Broken Walls frontman Jonathan Maracle, Mohawk, has participated in and led indigenous spiritual worship since the mid-1980s. “I met Jesus when I was 30 years old,” he said. “I have had to learn how to honor Christ through my cultural heritage. In 1995, I had a beautiful spiritual experience that drew me to worship from my cultural perspective.”
Maracle shared his perspective with American Indian Republic on the role that religion played in colonization. “Well, in our first encounters with Europeans, they wanted to completely eradicate our spiritual ways before they even understood them,” he said. “They judged our ways as wrong and therefore, for a Native person to have Jesus, they had to give up being who they were created to be and embrace someone else’s cultural ways, judging Native ways as evil. For instance, ‘they’ said that ‘the drum was evil.’”
Critics in Native and non-Native communities believe that Native drums and singing have no place in Christian worship and that syncretism is inherently wrong. “The drum is not evil!” Maracle said in response to such criticism. “Evil and good lives in the hearts of men. The drum is simply a cultural instrument of worship when used by those who are honoring the Creator.”
“Evil and good lives in the hearts of men. The drum is simply a cultural instrument of worship when used by those who are honoring the Creator.”
Though Christian worship has been controversial in Indian Country for decades due to colonization and forced assimilation, more indigenous people than ever before are in agreement with its teachings due to the Bible’s universality. Maracle posits that Christian beliefs align with indigenous ways, and vice versa; in this sense, he has established a contextual perspective toward combining traditions of religious worship. “Revelations 5:9 says, ‘Jesus died for every tribe, tongue, people and nation,’” he said. “I have learned that following Jesus doesn’t make me want to give up being Mohawk but it helps me to be a better Mohawk. I embrace the cultural ways that line up with the Bible. People are very surprised when they find out the similarities and how the basic principles of Native people are in line with the Bible.”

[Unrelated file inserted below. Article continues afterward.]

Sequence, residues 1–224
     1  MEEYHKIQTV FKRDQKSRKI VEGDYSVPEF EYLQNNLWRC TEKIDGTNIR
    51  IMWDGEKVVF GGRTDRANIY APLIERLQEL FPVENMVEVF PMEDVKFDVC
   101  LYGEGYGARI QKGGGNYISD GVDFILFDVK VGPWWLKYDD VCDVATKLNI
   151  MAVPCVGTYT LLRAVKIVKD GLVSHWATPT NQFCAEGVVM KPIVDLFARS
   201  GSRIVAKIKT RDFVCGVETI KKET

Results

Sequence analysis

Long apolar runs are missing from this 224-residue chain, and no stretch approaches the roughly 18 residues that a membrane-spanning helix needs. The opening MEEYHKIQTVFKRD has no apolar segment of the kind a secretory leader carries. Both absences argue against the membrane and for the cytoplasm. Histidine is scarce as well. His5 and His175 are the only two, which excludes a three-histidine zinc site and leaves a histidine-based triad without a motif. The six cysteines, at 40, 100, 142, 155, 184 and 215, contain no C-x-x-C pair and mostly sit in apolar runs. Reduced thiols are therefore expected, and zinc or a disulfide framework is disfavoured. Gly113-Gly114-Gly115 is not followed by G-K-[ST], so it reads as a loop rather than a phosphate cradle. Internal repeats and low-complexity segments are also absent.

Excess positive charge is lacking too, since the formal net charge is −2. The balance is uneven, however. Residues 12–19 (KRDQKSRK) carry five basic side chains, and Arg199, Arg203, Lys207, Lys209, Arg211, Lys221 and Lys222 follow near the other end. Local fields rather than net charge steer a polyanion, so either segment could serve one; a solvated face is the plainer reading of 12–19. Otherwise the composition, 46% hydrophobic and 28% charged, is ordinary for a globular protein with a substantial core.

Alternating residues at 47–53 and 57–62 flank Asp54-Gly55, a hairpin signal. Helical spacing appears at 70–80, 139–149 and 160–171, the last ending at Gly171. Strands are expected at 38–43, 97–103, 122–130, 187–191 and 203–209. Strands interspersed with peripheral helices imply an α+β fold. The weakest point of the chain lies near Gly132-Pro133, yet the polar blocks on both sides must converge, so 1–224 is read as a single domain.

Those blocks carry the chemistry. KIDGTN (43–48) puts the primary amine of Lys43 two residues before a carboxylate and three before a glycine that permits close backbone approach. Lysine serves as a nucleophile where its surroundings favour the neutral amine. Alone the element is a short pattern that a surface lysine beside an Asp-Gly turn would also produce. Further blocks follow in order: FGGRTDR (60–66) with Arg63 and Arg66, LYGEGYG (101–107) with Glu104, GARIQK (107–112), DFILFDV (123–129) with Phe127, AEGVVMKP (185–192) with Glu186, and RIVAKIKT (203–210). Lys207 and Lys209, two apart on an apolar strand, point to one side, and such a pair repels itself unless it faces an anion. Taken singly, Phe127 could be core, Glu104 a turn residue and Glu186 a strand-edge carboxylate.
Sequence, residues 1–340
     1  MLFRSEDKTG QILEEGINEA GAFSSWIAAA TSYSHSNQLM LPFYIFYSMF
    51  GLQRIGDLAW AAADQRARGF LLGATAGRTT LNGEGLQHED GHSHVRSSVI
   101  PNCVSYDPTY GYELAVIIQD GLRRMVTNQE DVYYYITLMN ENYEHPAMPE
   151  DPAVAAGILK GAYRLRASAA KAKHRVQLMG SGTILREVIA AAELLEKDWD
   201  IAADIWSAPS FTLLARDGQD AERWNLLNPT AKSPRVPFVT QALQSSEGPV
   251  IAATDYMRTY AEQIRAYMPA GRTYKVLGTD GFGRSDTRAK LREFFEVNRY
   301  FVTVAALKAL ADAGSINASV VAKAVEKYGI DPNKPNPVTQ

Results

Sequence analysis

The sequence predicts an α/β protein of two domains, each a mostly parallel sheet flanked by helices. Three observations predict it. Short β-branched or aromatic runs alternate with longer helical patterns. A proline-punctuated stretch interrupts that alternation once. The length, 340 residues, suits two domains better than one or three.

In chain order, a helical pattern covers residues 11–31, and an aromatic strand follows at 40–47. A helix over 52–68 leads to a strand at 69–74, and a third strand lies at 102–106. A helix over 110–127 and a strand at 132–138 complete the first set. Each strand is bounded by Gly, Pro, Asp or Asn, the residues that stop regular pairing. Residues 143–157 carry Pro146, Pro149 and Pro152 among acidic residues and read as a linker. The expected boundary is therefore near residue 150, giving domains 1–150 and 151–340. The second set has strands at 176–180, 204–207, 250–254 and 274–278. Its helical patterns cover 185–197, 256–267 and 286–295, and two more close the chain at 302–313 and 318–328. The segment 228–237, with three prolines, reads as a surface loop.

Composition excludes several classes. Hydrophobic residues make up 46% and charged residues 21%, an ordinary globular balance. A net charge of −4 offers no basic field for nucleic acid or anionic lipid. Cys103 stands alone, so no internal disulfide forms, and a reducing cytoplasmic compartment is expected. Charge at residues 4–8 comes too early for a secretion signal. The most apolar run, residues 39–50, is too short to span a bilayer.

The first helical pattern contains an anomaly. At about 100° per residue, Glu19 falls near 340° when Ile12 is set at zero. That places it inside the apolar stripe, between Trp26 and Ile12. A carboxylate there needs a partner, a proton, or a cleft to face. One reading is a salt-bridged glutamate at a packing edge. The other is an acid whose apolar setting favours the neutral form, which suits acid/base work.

Maracle learned to play guitar and sing when he was a teenager. At first, the piano and guitar were perceived to be “Christian instruments,” while the drum was used exclusively for traditional Native music. “Bringing these instruments together has been a beautiful thing!” Maracle said. “I believe music is a spiritual language. It has always moved my spirit, Good or Bad. I love telling life’s stories in song.” Maracle credits his late father, a missionary, as the driving force behind his spiritual and religious values. “Dad spoke the language and was very proud of his Mohawk heritage,” he said. “He brought us up to love our people and respect their ways.”
Broken Walls was conceived in 1995 at a Sacred Assembly in Ottawa, Canada. “As I was getting prepared to sing, the man who was speaking said, ‘Walls of bitterness have been built in the hearts of Indigenous people around the world because of colonialism and those walls must be broken,’” Maracle said. In response, Maracle wrote and performed an impromptu song called “Broken Walls.” Since then, the band has actively toured worldwide for indigenous outreach and worship, in addition to entertainment.
“Walls of bitterness have been built in the hearts of Indigenous people around the world because of colonialism and those walls must be broken”
Maracle also conducts workshops. He recently led panels at a conference called ‘Walking the Good Way Together,’ in response to Canada’s Truth and Reconciliation Commission. He frequently connects to numerous communities through schools, programs, and indigenous prayer circles across Canada and the U.S. In 2019, Broken Walls will join an Iditarod team to carry the band’s message to nine Alaskan villages. Their goal is to reach every village by 2020.
In a world mired by religious controversies, Maracle remains reverent and optimistic. “I encourage people to embrace who they were created to be and to worship from that perspective. I believe our Creator is worthy to be honored from all cultural perspectives and His beauty is more evident in our differences,” he said. His message to faithful indigenous people encourages mindfulness and caring. “Embracing who you are is the beginning of fulfilling your destiny. Discover your gifts and abilities, and give them with love to others, thus changing the world around you. Jesus died for all men and he wasn’t Caucasian.”